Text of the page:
The 2010 MGM outlook looks bleak and the valuation rich by historical standards. Does that mean it's a short right here?
We're not so sure. We've written about the likely low CityCenter return on investment and more importantly, the potential for serious cannibalization (see CITYCENTER: A GROWTH OR DONNER PARTY FOR MGM?, 11/23/09). The valuation at 11.5x 2010 EV/EBITDA looks high especially relative to the historical range of 7-11x. Moreover, cost of capital is likely going higher as MGM will be forced into refinancing much of its debt in 2010. We think some form of equity issuance (convertible or straight equity) is likely.
That's a compelling short story, no? The problem is that shorting MGM into the CityCenter opening this week is consensus. Look at the following chart that measures sentiment and short interest among select gaming, lodging, and leisure stocks. MGM sits farthest down the sentiment line, which measures average analyst rating along the vertical axis and overall short interest along the horizontal axis. MGM maintains the highest short interest and one of the lowest average ratings in this universe.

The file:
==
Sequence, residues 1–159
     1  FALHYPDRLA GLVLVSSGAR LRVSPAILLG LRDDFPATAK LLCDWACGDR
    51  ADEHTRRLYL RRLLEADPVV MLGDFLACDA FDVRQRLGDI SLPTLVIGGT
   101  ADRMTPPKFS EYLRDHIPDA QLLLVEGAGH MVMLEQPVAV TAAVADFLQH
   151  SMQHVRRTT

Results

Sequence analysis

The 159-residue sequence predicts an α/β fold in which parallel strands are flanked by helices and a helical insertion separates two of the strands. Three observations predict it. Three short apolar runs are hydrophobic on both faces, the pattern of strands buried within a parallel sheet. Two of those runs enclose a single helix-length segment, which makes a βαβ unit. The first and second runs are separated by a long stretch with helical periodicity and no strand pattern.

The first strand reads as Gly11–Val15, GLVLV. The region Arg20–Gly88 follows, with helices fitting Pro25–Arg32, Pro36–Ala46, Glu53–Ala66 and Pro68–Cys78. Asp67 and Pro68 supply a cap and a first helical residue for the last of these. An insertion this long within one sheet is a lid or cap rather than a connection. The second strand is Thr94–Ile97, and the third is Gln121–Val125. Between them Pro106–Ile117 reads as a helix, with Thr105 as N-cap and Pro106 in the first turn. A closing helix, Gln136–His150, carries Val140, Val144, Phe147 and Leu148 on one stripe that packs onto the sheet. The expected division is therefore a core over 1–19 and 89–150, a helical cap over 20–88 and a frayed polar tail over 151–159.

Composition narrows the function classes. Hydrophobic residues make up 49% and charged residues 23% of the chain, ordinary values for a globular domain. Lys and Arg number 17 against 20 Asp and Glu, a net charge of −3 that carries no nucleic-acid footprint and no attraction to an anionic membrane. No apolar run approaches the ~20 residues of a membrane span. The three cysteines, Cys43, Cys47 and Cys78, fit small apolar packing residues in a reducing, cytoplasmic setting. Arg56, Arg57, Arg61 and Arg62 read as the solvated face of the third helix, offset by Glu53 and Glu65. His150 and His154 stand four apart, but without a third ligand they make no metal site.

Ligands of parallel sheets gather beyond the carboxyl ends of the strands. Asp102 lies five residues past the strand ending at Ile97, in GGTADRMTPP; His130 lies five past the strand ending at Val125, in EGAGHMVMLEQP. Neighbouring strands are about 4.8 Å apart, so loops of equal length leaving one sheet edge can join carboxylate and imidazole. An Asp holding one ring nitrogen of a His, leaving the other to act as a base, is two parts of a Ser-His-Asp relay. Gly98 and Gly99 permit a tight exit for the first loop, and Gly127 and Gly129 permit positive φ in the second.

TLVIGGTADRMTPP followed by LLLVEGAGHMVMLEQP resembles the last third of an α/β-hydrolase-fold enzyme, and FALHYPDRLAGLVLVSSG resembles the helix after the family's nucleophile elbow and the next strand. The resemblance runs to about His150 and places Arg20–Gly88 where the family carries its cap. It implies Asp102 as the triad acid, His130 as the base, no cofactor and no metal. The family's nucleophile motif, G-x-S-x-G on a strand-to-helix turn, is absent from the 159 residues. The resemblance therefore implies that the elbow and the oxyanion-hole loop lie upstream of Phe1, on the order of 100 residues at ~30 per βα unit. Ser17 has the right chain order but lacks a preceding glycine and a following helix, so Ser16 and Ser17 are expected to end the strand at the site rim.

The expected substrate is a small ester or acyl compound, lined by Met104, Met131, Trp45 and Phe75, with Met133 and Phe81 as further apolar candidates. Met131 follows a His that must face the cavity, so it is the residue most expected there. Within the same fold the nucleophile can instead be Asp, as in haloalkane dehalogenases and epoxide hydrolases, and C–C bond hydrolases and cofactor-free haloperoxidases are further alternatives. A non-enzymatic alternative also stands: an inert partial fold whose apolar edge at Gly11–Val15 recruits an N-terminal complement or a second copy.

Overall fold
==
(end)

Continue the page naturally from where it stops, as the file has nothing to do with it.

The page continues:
The sentiment surrounding MGM could hardly be worse. Even after a big two day move, the stock is 20% off its recent high in an otherwise strong stock market and the short interest has been climbing. Any encouraging data points surrounding Q1 2010 room rates or indicating a solid opening of CityCenter could spark a short squeeze. Don't forget that MGM has extra incentive to spin the CityCenter opening and market absorption favorably. After all, 2010 will be a year of financing and fundraising.
So far, we don't have any positive data points to report. Indeed, CityCenter is still pricing rooms at a discount to the peer group for January and MGM is offering attractive promotions for the Aria and now Bellagio (see below) for Q1. However, shorter seller beware.